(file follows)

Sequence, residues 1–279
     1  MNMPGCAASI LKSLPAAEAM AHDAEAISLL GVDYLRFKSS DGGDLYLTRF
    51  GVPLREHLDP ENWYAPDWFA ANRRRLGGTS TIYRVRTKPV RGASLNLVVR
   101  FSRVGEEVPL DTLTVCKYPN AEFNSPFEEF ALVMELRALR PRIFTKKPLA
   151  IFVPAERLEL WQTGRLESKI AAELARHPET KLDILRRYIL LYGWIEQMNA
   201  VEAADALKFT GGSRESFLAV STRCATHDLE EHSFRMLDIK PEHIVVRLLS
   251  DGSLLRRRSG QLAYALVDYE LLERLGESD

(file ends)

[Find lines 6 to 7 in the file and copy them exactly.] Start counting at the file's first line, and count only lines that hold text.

   201  VEAADALKFT GGSRESFLAV STRCATHDLE EHSFRMLDIK PEHIVVRLLS
   251  DGSLLRRRSG QLAYALVDYE LLERLGESD